Astrophotographer Jason Guenzel has captured one of his most detailed solar images in his years of photographing “the curiosities of the universe.” It’s a stunning photo that reveals the twisted “surface” of our Sun.
“I’ve had a lifelong interest in humanity’s exploration into the universe around us and, along those lines, my professional background is in aerospace engineering,” Guenzel tells PetaPixel. “In recent years, the technology to enable astrophotography has become much more accessible to the amateur. About 10 years ago, I began very modestly and slowly refined my gear and techniques to improve the results.”
Guenzel’s new photo of the Sun came about after he became interested in our solar system’s star and put together a dedicated telescopic rig for Sun photos. The rig consists of a $980 Explore Scientific AR152 telescope, a $130 Astronomik L1 UV/IR cut filter, a $1,200 Daystar Quark Chromosphere eyepiece, an $899 ASI174MM-Cool camera, and a $1,675 Sky-Watcher EQ6-R Pro equatorial mount. The total cost comes in at about $4,900.
“The scope has an internal filter which enables the visualization of the hydrogen plasma in the outer solar atmosphere,” Guenzel says. “Without such filtration, this layer is invisible to us, but looking through it, we can see the twisted nature of the magnetic field which drives complex structure and detail.”
Photographing the Sun requires overcoming problems presented by Earth, and image stacking is a technique astrophotographers turn to.
“Solar imaging is a constant battle with conditions and the blurring caused by our atmosphere is perhaps the largest obstacle to overcome,” Guenzel says. “To combat this, thousands of images are captured and then compiled.
“This image began as a high-framerate live video spanning around 30 seconds. The resulting frames of the video are graded and only the best are stacked together to yield the highest quality master.”
Once the master image is obtained, Guenzel sharpened it to reconstruct the details.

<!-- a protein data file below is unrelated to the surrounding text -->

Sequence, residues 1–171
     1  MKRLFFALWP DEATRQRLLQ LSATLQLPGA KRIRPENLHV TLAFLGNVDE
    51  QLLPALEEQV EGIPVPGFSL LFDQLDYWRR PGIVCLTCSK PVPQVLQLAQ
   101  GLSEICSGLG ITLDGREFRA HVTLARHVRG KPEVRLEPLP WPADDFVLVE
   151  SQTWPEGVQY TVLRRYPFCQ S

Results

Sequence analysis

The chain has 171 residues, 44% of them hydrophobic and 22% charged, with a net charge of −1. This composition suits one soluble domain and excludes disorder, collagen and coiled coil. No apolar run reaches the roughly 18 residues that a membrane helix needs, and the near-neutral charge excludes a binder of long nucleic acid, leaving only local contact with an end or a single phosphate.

“Through my work with processing these types of pictures, I’ve developed various methods of contrast enhancement to visualize the magnetic field lines within the chromosphere of the Sun,” the photographer says. “Though the technique to capture each image is largely the same, I consider each piece to be quite unique. I tend to let the details contained within every one drive the decisions and the final look of the image.
“In fact, the camera and filter combination yields a monochrome image that is far removed from anything the human eye could perceive. So, as in many types of photography, there is a component of artistic interpretation present in every shot.”
When it comes to giving advice to photographers looking to follow in Guenzel’s footsteps, his primary piece of advice is a warning.
“I would be remiss not to mention that this type of photography can be very dangerous,” he says. “Do not EVER point a telescope at the Sun without taking proper precautions, knowing exactly how to handle the energy collected and focused. This equipment is capable of causing permanent bodily harm and/or fire.
“For those still interested after that disclaimer, there are many resources available and perhaps the best way is to talk to someone doing it and learn from them. Astrophotographers love to help.”
Back in 2020, Guenzel made headlines after he managed to capture the birth of a supernova in before-and-after photos. You can find more of his work on his website, Facebook, Twitter, Reddit, and Instagram.